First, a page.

Photo work done, David and Linda hoisted the dinghy aboard, and we turned toward Anacortes. The favored route out of the San Juan Islands is via Thatcher Pass, but because it is used by ferries and many recreational boaters, I usually turn north, exiting the islands via Peavine Pass.

With a favorable, fuel-saving current, our speed in the pass reached 10.9 knots. The current opposed us in Rosario Strait, however, and whatever advantage we had gained quickly disappeared.

It was a calm day and Shamal motored along quietly and easily. I never wish for sloppy seas, but it would have been rewarding to see that classic respond to currentagainst- the-wind conditions in the strait.

David said the boat developed a vibration after delivery. The problem was traced to the large rudder and was solved by installing a bearing at the top of the rudder shaft. "She runs nice now," he said.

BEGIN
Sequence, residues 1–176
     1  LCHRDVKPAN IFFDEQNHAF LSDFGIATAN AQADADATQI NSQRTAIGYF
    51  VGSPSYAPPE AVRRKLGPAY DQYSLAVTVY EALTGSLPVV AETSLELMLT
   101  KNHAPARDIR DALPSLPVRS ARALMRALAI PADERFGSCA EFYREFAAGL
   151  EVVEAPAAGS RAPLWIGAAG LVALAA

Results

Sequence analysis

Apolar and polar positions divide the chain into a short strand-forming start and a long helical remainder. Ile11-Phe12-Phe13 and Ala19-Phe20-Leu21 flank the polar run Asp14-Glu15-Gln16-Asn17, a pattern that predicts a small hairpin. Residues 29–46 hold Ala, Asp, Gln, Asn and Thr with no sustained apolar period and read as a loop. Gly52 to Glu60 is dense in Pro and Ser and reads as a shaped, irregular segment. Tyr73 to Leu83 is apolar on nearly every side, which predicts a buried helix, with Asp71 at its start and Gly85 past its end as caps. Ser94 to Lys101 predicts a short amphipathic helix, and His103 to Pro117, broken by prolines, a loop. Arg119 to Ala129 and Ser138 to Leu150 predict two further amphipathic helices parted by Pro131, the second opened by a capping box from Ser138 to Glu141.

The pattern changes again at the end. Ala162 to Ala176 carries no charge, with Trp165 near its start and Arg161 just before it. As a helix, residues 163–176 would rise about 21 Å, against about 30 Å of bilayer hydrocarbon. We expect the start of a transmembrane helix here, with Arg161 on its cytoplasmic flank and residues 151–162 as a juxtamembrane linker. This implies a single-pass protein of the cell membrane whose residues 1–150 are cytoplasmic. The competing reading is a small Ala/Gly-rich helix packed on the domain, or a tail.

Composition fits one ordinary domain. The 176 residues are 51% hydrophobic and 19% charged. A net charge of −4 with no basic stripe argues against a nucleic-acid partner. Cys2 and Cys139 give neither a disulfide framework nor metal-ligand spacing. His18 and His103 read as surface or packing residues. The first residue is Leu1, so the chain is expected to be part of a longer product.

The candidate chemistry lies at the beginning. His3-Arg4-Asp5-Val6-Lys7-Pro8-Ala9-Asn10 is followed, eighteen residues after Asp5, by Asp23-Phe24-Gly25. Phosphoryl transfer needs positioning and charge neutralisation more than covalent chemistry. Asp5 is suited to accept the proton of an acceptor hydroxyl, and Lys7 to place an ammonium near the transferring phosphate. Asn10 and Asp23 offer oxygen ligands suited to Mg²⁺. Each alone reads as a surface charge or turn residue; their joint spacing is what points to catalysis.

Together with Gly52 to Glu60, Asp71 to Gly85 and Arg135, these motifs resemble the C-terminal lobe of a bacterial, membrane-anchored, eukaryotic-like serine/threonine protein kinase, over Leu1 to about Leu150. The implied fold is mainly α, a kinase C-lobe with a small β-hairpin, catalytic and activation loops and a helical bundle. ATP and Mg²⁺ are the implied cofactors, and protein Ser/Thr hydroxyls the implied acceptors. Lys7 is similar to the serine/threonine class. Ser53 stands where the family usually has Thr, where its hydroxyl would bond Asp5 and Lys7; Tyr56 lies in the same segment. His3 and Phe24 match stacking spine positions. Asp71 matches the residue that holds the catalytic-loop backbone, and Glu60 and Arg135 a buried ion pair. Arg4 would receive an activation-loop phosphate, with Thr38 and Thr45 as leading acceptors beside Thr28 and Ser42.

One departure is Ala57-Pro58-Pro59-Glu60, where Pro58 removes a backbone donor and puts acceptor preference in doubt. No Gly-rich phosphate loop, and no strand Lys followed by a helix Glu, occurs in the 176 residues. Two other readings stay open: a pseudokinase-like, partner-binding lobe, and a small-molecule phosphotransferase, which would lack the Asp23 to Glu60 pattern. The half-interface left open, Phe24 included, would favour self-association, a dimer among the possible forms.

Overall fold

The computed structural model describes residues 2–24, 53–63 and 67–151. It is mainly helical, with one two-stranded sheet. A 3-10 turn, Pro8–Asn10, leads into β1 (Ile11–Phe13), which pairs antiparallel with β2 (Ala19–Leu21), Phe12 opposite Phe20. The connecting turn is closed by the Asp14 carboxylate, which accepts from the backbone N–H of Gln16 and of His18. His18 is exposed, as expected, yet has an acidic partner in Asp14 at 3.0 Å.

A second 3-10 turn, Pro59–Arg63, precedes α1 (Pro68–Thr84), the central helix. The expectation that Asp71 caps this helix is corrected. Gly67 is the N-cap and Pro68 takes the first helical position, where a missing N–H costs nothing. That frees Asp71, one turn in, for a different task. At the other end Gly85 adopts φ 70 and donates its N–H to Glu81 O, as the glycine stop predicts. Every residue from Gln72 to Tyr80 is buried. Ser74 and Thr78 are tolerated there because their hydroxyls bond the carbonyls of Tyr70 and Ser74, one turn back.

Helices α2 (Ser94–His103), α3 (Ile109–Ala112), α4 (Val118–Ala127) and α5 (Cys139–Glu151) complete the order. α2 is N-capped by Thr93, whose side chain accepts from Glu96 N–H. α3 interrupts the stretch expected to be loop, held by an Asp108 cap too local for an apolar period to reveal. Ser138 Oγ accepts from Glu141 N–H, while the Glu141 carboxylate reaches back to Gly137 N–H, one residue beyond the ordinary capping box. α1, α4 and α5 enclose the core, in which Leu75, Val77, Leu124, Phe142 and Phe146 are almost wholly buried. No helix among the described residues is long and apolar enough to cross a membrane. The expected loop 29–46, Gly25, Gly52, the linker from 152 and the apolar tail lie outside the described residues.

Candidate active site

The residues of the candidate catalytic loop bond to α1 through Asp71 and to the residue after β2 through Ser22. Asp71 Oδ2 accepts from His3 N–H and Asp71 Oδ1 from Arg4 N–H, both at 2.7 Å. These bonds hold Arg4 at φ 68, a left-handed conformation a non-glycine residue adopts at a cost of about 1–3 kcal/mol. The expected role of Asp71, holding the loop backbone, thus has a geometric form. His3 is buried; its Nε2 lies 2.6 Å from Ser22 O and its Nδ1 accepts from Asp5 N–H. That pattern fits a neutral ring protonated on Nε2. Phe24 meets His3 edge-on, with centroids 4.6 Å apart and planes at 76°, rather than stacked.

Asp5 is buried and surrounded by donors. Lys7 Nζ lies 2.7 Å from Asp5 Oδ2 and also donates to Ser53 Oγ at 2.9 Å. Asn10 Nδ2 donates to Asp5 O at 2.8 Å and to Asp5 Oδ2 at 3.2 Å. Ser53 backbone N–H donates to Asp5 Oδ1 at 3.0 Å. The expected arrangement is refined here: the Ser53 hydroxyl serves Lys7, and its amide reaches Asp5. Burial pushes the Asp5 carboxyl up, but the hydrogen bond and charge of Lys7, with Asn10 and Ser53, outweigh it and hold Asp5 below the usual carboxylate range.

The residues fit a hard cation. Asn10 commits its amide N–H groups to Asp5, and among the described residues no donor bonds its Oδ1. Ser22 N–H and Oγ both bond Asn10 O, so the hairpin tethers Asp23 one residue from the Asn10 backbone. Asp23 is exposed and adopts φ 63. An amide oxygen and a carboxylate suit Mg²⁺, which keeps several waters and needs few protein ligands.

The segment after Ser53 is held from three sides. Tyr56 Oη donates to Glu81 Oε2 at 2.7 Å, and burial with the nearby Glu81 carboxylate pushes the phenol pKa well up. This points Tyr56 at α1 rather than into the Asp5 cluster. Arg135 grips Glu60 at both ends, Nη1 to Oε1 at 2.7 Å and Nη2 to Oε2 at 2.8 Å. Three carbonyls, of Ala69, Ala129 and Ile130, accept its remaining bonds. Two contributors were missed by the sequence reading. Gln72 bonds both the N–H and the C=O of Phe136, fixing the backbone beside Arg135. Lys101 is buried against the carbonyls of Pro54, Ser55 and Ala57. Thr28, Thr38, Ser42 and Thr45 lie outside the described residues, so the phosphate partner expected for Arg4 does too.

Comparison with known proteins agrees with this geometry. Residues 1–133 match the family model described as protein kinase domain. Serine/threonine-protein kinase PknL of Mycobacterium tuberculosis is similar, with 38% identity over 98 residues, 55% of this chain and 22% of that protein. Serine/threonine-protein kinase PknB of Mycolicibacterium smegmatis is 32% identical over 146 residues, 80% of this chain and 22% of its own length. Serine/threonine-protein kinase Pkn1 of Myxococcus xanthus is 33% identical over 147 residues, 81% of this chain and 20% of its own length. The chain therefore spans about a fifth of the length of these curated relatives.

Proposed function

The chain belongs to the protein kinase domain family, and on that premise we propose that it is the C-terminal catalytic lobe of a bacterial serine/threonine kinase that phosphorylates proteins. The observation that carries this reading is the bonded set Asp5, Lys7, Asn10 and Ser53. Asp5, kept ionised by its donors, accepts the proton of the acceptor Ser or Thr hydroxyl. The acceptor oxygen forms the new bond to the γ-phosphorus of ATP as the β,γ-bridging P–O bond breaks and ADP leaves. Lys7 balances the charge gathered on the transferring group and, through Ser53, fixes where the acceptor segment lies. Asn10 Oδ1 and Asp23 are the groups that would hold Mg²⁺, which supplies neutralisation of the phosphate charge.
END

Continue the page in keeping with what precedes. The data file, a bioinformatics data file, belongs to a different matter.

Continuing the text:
To make handling easier and safer, the Haywoods added the boarding platform staples and put sail tracks along the bow to allow quick placement of fenders. David is thinking about installing a hydraulic get-home drive, just in case.

Their original plan was to cruise the Northwest awhile and then take the yacht home to the Great Lakes. That seems to be in question now. "The more time I spend here, the more I like it," David said. "I like cruising here."

After three years of ownership and more than 900 hours of cruising time, David and Linda know their boat well. I asked David what would be different if he were building a new boat today.

He grinned a little. "A brighter anchor light...maybe."

Postscript: Roy Parkinson's company now is working on a pair of new boats, neither based on the Seamaster hull, while developing its new repair and construction site. Another 52 is being considered by a customer, with launch expected in 2010.